If I have a weakness (apart from chocolate!) it would have to be books: to read or to write and draw in!! I’m a sucker for a bookshop, even better if it is a long established one… just the warm, musky aroma of fragile paper and time-worn covers is enough! So, when it comes to creative biz stuff, what are your favourites?
In terms of business planning, the first two books that spring to my mind are choc-full of practical information and inspiration. They are also ideally suited to those who ‘think’ creatively too.
The first, “The Creative Entrepreneur: A DIY Visual Guidebook for Making Business Dreams Real” by Lisa Sonora Beam, is an excellent starting place when nurturing the tiny, fragile seedlings of an idea or even if you have no real idea at all! Through a series of exercises, insightful questions and colourful diagrams, Lisa gently teases out all our unique qualities, strengths, skills, experiences and aspirations to suggest potential business opportunities. She then guides us through the process of melding all this information into simple but coherent, workable plans of action, including target setting, marketing and even strategies for overcoming challenges. She fully appreciates the need of artistic-types to both explore and present information creatively, and subsequently this book is a wonderful encouragement to do so. Although the guidance in this book is quite structured, the reader is encouraged to present their findings in their own unique way in order to properly take ownership of their ideas. As such, there is a wealth of photographs documenting the plans of a variety of artists and creatives – lots and lots of ‘eye candy’!
The “The Right-Brain Business Plan: A Creative Visual Map for Success”, by Jennifer Lee, in many ways compliments Lisa’s book exceedingly well. It too seeks to tease out the idiosyncracies of creative ideas but this time, rather than responding to searching questions, we are encouraged to create detailed collages that encapsulate business dreams and passions instead. Building on this information, Jennifer then explores the practicalities of action planning for specific business areas including finances, support networks, marketing and operational organisation. There’s tips for crafting vision statements and even suggestions as to how to present ideas in a more ‘formal’ way ie. when discussing plans with the Bank! Ultimately what is created is a rich, practical and evolving ‘map’ to guide a creative entrepreneur through. Invaluable when seeking to build and grow an already established business in line with core values and passions.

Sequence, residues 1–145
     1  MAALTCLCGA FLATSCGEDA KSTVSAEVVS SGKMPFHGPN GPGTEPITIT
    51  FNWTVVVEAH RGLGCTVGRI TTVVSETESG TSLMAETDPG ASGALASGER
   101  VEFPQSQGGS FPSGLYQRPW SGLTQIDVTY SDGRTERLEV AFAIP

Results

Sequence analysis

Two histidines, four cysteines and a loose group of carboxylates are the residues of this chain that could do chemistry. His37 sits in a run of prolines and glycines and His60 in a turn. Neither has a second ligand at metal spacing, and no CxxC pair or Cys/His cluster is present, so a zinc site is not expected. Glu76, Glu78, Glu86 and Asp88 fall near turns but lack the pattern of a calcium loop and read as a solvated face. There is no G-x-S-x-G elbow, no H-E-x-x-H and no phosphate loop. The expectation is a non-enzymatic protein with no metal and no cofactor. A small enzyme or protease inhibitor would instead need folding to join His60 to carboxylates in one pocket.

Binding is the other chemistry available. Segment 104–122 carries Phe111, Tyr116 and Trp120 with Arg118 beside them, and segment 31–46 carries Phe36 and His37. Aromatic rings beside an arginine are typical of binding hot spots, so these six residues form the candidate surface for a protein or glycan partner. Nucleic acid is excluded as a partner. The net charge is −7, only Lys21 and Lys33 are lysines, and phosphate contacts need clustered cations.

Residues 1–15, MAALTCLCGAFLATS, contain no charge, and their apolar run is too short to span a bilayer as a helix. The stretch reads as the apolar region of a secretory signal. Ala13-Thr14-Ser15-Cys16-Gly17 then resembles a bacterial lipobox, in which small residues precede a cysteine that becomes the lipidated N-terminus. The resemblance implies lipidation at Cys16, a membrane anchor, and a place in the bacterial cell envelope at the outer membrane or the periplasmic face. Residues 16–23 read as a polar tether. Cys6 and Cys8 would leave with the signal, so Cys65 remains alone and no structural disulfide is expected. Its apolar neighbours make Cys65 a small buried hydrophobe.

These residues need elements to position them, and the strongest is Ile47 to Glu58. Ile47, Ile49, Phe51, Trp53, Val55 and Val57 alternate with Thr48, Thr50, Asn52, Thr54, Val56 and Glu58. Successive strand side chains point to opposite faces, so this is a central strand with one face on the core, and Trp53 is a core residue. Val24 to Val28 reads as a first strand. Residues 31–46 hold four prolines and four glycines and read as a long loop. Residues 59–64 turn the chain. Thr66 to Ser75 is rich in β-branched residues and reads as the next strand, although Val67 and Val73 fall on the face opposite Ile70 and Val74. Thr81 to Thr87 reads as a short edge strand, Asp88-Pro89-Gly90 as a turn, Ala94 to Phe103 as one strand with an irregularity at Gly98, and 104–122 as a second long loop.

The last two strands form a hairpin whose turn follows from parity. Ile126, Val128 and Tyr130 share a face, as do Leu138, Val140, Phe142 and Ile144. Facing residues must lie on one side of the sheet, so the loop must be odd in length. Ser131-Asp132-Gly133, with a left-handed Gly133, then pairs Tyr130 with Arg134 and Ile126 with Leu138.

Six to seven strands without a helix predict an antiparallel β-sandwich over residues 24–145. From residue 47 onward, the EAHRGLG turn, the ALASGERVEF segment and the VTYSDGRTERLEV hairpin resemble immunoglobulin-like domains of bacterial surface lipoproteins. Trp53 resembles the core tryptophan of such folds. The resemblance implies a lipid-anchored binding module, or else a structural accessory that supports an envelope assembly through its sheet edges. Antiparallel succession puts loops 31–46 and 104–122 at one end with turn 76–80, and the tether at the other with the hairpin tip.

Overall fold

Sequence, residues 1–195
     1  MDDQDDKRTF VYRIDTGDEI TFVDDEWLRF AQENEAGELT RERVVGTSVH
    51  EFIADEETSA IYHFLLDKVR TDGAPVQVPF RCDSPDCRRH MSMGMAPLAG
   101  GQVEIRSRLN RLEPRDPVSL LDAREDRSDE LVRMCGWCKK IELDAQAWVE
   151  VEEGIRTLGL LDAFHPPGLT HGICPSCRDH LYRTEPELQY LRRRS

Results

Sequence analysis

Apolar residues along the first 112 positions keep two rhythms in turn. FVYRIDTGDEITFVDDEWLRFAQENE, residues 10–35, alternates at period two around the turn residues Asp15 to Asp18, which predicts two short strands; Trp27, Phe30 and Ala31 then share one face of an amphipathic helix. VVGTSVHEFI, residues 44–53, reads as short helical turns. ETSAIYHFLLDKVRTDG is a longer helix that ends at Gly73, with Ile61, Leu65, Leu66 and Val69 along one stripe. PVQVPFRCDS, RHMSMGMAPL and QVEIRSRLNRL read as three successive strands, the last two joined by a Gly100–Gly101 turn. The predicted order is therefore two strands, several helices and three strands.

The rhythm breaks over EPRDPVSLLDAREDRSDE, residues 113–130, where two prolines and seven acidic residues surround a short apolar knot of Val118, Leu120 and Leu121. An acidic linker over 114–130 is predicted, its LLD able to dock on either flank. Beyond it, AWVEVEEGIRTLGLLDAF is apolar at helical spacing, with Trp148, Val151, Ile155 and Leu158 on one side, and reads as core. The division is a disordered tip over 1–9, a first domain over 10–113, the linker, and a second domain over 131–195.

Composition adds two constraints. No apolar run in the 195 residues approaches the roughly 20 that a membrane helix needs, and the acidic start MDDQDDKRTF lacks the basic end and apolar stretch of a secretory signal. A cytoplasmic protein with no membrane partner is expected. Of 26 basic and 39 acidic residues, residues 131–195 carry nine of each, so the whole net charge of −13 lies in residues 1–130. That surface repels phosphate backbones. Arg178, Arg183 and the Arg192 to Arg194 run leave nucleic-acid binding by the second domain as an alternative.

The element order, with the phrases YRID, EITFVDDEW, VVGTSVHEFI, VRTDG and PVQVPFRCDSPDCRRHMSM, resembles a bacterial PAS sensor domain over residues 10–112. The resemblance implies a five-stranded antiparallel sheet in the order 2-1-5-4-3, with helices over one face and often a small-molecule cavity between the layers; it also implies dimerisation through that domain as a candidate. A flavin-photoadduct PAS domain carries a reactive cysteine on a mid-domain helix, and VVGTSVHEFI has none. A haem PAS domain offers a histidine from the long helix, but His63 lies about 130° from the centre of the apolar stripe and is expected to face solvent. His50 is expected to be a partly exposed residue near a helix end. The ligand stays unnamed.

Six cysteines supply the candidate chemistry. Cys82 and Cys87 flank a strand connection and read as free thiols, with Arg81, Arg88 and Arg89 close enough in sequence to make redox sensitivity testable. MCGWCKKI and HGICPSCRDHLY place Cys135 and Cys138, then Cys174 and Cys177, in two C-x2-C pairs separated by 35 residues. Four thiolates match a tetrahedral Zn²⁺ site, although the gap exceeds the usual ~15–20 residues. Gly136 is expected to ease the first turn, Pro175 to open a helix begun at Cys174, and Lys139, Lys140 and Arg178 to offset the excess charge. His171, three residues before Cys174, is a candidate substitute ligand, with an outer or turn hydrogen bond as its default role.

So, while Lisa’s book is ideal for those just starting out and with no clear idea as to where they are heading, Jennifer’s book is better suited to those who are already beginning to build and grow their businesses. I heartily recommend them to you.
However wonderful both books are though, business planning needn’t be complicated. More and more now I simply use a notebook where I scribble down dreams, ideas and inspiration. Periodically I sift through this jumble of ponderings and evaluate each one. Sometimes I reject them entirely while others I research and explore further. I find it helpful to ‘chew’ over ideas for a short while before taking any action, as its amazing how much richness and detail can be added as they are further refined and tweaked. But ultimately the aim is to devise goals, strategies and a sequence of action ‘steps’ to actually achieving them as quickly as possible, before I lose the courage to follow them through!! These steps are noted down in my diary against particular dates, giving myself something to focus on each day. In addition I usually string them up on post-its in my studio as a constant reminder too. Step by step. Slowly, slowly. Works for me anyway!
What books would you recommend? How do you plan and set yourself targets etc?